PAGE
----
https://www.readbyqxmd.com/read/29760562/tau-a-common-denominator-and-therapeutic-target-for-neurodegenerative-disorders
#13
Alexander Maxan, Francesca Cicchetti
There is compelling evidence that a number of neurodegenerative diseases share common pathogenic mechanisms. Better understanding these mechanisms will allow us to develop new therapeutic strategies. This commentary follows up on our recent findings that tau pathology can be found in healthy fetal tissue transplanted into the brain of patients with either Huntington or Parkinson disease. We will examine how tau appears to be shared in a number of different conditions and how its expression relates to cognitive decline and disease progression...
2018: Journal of Experimental Neuroscience
https://www.readbyqxmd.com/read/29760420/engineering-modular-intracellular-protein-sensor-actuator-devices
#14
Velia Siciliano, Breanna DiAndreth, Blandine Monel, Jacob Beal, Jin Huh, Kiera L Clayton, Liliana Wroblewska, AnneMarie McKeon, Bruce D Walker, Ron Weiss
Understanding and reshaping cellular behaviors with synthetic gene networks requires the ability to sense and respond to changes in the intracellular environment. Intracellular proteins are involved in almost all cellular processes, and thus can provide important information about changes in cellular conditions such as infections, mutations, or disease states. Here we report the design of a modular platform for intrabody-based protein sensing-actuation devices with transcriptional output triggered by detection of intracellular proteins in mammalian cells...
May 14, 2018: Nature Communications
https://www.readbyqxmd.com/read/29758318/proteome-and-behavioral-alternations-in-phosphorylation-deficient-mutant-collapsin-response-mediator-protein2-knock-in-mice
#15
Haruko Nakamura, Aoi Takahashi-Jitsuki, Hiroko Makihara, Tetsuya Asano, Yayoi Kimura, Jun Nakabayashi, Naoya Yamashita, Yuko Kawamoto, Fumio Nakamura, Toshio Ohshima, Hisashi Hirano, Fumiaki Tanaka, Yoshio Goshima
CRMP2, alternatively designated as DPYSL2, was the first CRMP family member to be identified as an intracellular molecule mediating the signaling of the axon guidance molecule Semaphorin 3A (Sema3A). In Sema3A signaling, cyclin-dependent kinase 5 (Cdk5) primarily phosphorylates CRMP2 at Ser522. Glycogen synthase kinase-3β (GSK-3β) subsequently phosphorylates the residues of Thr509 and Thr514 of CRMP2. Previous studies showed that CRMP2 is involved in pathogenesis of neurological disorders such as Alzheimer's disease...
May 11, 2018: Neurochemistry International
https://www.readbyqxmd.com/read/29756587/spontaneous-intracranial-hypotension-as-a-cause-of-exacerbation-in-huntington-s-disease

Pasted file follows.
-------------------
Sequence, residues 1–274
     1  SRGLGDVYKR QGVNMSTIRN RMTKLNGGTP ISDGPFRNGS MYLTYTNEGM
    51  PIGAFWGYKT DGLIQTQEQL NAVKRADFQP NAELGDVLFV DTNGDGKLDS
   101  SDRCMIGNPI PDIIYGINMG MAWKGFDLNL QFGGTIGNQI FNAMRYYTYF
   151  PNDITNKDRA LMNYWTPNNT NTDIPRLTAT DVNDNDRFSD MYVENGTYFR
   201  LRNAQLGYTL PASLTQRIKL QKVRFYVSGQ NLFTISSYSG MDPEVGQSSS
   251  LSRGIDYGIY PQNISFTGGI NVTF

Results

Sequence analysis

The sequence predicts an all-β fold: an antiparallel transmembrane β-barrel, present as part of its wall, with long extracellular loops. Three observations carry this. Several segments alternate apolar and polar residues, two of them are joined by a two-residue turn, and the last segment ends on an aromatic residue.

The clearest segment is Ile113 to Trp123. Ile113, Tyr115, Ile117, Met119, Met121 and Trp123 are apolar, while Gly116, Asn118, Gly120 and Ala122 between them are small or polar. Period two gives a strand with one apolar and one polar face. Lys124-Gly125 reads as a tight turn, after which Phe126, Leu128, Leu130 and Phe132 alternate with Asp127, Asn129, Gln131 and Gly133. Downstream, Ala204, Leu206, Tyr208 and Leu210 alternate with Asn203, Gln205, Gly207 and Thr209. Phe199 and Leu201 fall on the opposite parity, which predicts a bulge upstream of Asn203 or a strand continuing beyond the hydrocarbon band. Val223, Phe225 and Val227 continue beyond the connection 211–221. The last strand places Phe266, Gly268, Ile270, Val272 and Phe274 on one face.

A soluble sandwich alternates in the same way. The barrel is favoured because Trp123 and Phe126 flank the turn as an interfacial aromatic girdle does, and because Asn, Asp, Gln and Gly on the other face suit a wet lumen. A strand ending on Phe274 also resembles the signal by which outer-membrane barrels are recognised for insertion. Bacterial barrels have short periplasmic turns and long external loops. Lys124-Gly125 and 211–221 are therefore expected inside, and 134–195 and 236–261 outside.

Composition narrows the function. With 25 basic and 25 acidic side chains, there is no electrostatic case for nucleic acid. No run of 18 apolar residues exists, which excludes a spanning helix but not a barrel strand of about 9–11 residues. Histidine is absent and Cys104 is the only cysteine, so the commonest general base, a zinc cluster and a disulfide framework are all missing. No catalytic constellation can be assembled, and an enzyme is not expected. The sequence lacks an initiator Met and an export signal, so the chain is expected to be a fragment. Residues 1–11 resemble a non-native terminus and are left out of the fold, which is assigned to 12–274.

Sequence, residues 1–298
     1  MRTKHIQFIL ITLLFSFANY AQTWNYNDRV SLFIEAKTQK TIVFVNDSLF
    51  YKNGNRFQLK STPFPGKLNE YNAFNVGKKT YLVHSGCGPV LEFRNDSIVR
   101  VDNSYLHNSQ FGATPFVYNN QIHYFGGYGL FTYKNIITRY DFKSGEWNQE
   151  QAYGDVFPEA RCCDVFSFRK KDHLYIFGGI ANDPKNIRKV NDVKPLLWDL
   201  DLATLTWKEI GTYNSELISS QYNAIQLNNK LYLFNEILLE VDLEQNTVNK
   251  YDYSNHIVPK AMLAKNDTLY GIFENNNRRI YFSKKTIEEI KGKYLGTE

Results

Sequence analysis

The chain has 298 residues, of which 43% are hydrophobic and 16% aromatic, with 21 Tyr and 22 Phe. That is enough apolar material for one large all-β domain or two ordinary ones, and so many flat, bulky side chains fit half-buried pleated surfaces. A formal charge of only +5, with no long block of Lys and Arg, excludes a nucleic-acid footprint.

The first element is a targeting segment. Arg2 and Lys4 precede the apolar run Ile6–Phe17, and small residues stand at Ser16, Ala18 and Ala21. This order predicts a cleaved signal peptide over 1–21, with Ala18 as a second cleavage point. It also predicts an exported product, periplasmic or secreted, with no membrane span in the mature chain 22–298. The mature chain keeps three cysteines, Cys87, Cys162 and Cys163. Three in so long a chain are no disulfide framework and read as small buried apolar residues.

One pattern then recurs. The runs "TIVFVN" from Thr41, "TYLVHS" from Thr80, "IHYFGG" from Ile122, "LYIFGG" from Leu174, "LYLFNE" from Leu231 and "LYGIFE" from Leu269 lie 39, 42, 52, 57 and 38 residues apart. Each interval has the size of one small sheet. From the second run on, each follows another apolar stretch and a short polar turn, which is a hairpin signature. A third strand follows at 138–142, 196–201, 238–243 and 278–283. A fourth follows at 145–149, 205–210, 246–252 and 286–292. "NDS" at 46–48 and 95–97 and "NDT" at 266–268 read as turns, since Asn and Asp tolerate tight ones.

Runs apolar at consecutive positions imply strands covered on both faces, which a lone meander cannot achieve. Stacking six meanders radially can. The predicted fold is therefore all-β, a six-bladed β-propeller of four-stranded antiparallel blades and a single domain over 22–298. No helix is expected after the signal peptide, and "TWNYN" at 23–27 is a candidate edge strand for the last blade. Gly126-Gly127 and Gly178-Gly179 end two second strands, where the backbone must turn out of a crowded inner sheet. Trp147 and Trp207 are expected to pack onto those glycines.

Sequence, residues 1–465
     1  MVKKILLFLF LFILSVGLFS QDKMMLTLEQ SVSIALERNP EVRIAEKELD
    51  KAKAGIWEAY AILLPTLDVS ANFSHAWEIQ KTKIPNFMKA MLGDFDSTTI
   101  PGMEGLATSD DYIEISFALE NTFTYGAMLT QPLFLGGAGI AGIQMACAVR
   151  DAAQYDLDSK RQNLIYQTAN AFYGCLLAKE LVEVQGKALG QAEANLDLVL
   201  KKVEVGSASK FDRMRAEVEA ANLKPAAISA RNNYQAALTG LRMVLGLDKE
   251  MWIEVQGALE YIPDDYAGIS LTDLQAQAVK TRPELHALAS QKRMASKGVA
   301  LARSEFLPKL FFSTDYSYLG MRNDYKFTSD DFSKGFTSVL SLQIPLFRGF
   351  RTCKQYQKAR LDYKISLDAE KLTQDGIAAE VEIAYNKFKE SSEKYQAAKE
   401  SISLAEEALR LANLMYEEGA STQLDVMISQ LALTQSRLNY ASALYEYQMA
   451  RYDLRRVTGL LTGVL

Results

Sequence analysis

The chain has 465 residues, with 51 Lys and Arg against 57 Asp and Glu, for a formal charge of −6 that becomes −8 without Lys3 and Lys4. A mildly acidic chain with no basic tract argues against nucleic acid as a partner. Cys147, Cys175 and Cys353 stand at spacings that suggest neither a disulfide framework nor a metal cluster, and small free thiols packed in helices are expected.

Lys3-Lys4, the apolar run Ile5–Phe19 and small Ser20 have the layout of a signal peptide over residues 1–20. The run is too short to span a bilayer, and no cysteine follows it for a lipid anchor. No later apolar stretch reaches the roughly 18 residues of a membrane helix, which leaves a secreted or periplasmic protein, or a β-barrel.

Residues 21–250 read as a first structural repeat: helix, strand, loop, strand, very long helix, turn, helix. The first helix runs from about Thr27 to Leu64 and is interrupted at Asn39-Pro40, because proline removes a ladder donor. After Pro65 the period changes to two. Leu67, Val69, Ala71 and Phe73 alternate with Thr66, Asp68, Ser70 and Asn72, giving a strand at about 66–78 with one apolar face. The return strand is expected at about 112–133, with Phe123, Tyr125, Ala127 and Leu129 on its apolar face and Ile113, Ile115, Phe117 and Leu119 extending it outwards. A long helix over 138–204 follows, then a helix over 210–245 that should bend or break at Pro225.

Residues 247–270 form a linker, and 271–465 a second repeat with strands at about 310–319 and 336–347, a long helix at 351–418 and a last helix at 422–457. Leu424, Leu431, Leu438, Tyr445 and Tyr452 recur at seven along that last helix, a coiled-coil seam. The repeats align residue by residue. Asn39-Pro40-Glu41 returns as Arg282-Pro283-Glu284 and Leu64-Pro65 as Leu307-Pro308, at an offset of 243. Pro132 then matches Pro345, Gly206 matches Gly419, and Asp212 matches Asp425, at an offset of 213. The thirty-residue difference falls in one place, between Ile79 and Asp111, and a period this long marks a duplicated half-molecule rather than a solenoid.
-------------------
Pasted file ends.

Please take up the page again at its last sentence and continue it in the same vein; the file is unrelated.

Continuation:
#16
Enriqueta Lúcar Figueroa, Mandar S Jog, David M Pelz, Stephen P Lownie
No abstract text is available yet for this article.
May 2018: Canadian Journal of Neurological Sciences. le Journal Canadien des Sciences Neurologiques
https://www.readbyqxmd.com/read/29755410/mitochondrial-chaperones-in-the-brain-safeguarding-brain-health-and-metabolism
#17
José Pedro Castro, Kristina Wardelmann, Tilman Grune, André Kleinridders
The brain orchestrates organ function and regulates whole body metabolism by the concerted action of neurons and glia cells in the central nervous system. To do so, the brain has tremendously high energy consumption and relies mainly on glucose utilization and mitochondrial function in order to exert its function. As a consequence of high rate metabolism, mitochondria in the brain accumulate errors over time, such as mitochondrial DNA (mtDNA) mutations, reactive oxygen species, and misfolded and aggregated proteins...
2018: Frontiers in Endocrinology
https://www.readbyqxmd.com/read/29754822/a-liquid-to-solid-phase-transition-underlying-pathological-huntingtin-exon1-aggregation
#18
Thomas R Peskett, Frédérique Rau, Jonathan O'Driscoll, Rickie Patani, Alan R Lowe, Helen R Saibil
Huntington's disease is caused by an abnormally long polyglutamine tract in the huntingtin protein. This leads to the generation and deposition of N-terminal exon1 fragments of the protein in intracellular aggregates. We combined electron tomography and quantitative fluorescence microscopy to analyze the structural and material properties of huntingtin exon1 assemblies in mammalian cells, in yeast, and in vitro. We found that huntingtin exon1 proteins can form reversible liquid-like assemblies, a process driven by huntingtin's polyQ tract and proline-rich region...
May 17, 2018: Molecular Cell
https://www.readbyqxmd.com/read/29753879/protein-aggregation-in-cell-biology-an-aggregomics-perspective-of-health-and-disease
#19
REVIEW
Dezerae Cox, Candice Raeburn, Xiaojing Sui, Danny M Hatters
Maintaining protein homeostasis (proteostasis) is essential for cellular health and is governed by a network of quality control machinery comprising over 800 genes. When proteostasis becomes imbalanced, proteins can abnormally aggregate or become mislocalized. Inappropriate protein aggregation and proteostasis imbalance are two of the central pathological features of common neurodegenerative diseases including Alzheimer, Parkinson, Huntington, and motor neuron diseases. How aggregation contributes to the pathogenic mechanisms of disease remains incompletely understood...
May 10, 2018: Seminars in Cell & Developmental Biology
https://www.readbyqxmd.com/read/29753867/topiramate-mitigates-3-nitropropionic-acid-induced-striatal-neurotoxicity-via-modulation-of-ampa-receptors
#20
Heba N Shalaby, Dalia M El-Tanbouly, Hala F Zaki
Prevalence of glutamate receptor subunit 2 (GluR2)-lacking alpha-amino-3-hydroxy-5-methyl-4-isoxazole propionic acid (AMPA) receptors is a hallmark of excitotoxicity-related neurodegenerative diseases. Topiramate (TPM) is a structurally novel anticonvulsant with a well-known modulatory effects on AMPA/kainate subtypes of glutamate receptors. The present study aimed at investigating the neuroprotective potential of TPM on 3-nitropropionic acid (3-NP)-induced striatal neurodegeneration and Huntington's disease-like symptoms...
May 10, 2018: Food and Chemical Toxicology